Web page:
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Public Service Loan Forgiveness vs. Working in the Private Sector/10 Year Repayment Plan
February 24, 2015
1:16 pm


I currently work as an analyst for my local government, and I’m salaried at about 60K. I’ve been in a public service position for about 2 years now, and I am making IBR payments on my loans (all federal).

My boyfriend/family has suggested that I make the move to the private sector so that I can increase my salary. However, if I were to do that, I’d no longer qualify for the Public Service Loan Forgiveness program. I’m thinking that with the higher salary, I would also be forced to revert back to the original 10-year repayment plan on my loans. So, while I’d be making a greater salary, I’d be spending more on loans.

It seems like I have two options: work for my local government for the next ~8 years, make IBR payments (total of 120), and receive public service loan forgiveness. Or, I could enter the private sector, get a significantly higher salary, and make the standard 10 year repayment amount. BUT, I’m also looking to put more money away for retirement…and it seems that making IBR payments would allow me to do that.

Is my thinking correct: working for the government (for the next ~8 years at a lower salary) + IBR payments (120 total) + public service loan forgiveness is the way to go?


February 24, 2015
6:58 pm
Forum Posts: 373
Member Since:
May 3, 2014
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Hi GG,

You are asking all the right questions. The subject of targeting student loan forgiveness is actually a topic that we covered a couple weeks ago here: https://studentloansherpa.com/…..rgiveness/

The best way to handle this situation comes down to the math. If you don’t stand to have much forgiven, there isn’t much benefit to staying in public service for that reason alone.

The math gets tricky because you really don’t know what your future salary will be at either job, no do you know what your investments might earn if you put the money aside for retirement.

However, with each passing year the math becomes more clear. And remember, it is 120 total payments, not consecutive. So if you leave for a year, realize it was a mistake, and then come back, you can pick up where you left off.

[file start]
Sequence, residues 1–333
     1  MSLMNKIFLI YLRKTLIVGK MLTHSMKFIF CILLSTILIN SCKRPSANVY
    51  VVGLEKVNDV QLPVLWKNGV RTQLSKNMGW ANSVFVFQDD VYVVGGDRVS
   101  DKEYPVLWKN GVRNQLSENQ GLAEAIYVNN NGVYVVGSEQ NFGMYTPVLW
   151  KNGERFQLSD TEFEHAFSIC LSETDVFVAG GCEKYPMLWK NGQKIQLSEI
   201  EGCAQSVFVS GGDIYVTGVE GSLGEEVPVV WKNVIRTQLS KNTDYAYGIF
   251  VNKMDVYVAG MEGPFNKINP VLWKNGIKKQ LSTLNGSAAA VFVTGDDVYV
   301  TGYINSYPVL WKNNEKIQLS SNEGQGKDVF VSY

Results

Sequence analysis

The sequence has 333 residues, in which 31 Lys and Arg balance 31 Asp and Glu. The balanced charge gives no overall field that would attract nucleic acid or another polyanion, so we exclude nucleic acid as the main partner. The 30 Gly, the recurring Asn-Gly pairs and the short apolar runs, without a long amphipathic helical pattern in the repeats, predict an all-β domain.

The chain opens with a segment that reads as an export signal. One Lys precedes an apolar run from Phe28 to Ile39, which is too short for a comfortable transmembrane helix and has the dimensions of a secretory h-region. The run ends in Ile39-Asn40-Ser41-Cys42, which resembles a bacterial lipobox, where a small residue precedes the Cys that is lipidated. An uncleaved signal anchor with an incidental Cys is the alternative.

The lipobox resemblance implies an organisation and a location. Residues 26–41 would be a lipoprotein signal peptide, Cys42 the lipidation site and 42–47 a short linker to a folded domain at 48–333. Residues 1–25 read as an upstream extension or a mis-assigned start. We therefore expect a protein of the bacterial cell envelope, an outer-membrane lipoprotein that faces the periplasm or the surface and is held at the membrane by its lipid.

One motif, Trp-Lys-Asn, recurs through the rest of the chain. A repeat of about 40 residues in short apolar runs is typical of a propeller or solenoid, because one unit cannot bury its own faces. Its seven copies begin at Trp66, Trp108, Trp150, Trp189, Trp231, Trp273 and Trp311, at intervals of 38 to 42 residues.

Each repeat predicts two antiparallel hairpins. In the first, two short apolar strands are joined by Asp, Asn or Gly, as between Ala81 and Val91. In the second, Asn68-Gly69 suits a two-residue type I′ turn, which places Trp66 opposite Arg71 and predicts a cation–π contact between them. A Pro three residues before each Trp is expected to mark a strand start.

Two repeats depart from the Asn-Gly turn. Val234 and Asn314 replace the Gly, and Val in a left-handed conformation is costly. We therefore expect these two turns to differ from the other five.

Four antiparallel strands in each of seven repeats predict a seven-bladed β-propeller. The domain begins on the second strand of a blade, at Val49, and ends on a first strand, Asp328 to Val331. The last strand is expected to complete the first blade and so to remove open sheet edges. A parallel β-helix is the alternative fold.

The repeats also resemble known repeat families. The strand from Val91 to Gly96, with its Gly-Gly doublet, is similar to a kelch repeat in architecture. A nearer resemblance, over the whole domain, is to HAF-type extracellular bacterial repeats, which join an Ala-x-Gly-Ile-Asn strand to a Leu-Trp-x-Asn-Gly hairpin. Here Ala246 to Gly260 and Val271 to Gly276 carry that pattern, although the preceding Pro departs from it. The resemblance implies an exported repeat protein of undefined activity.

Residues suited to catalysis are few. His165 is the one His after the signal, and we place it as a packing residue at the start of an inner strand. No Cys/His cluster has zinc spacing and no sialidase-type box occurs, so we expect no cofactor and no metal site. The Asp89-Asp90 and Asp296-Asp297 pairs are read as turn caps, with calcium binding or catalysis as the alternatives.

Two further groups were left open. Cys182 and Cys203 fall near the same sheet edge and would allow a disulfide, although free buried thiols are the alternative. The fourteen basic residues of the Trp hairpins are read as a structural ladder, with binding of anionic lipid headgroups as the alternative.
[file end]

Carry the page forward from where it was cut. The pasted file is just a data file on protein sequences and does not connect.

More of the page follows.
For starters, I’d recommend you get with your lender to get your previous 24 payments certified as public service payments. You want to have it in writing that they count towards your 120. If for some reason they didn’t, it could change your math.

If you really want to make the math complicated, keep in mind that there are many lenders who consolidate federal loans into private loans. If you decide to go private sector and get a huge raise, you could potentially get a lower interest rate than what you are currently paying. A huge list of companies offering this service can be found here: https://studentloansherpa.com/…..n-reviews/ (Note: the downside here is that you can’t undo this move… there is no going back to IBR and forgiveness if you go this route)

I know this doesn’t really answer your question, but it is one that is highly specific and can really depend upon both the math and your employment prospects. All options have major pros and cons, so the best thing you can do is give it careful consideration and revisit your decision as things change. Hopefully you at least have a few more things to consider.

Good luck,


February 25, 2015
10:49 am

Thanks for the response!

I’m embarrassed to admit this, but I did read the topic on student loan forgiveness…which is where I found out that public service loan forgiveness would not count as taxable income. This bit of information is actually what got my “wheels turning.”

I have student loan debt from both undergrad and grad school, and it adds up to more than 130K. So, even after making 120 IBR payments, there will be a decent chunk leftover. I will definitely take your advice and make sure my previous 24 IBR payments are certified as public service payments.

As a 29-year-old female, the public sector has additional “pros” (maternity leave, flexible schedules, etc) that make continuing to work for my local government attractive. I also thought that if I were to contribute the max to my IRA each year, my IBR payments would become lower. I should have also said that I live in NYC and the cost of living (RENT!!!) is extremely high, so the idea of being able to find a private sector job where my salary is enough to pay rent + the standard 10 year repayment amount (~1500/mo in my case) seems unattainable. The interest rates on my loans are currently pretty low, so consolidation doesn’t seem particularly attractive to me.

As an exercise, I will still sit down to do the math, taking my actual amount of debt and future earning potential into consideration. I have also considered working in the public sector and going back to school to earn an advanced degree (I currently have a terminal master’s degree) for the next several years and THEN jumping into the private sector…and this could end up being the most realistic scenario for me. I just truly appreciate your response, and I’m hoping it was helpful for other recent grads/public service employees in similar positions.


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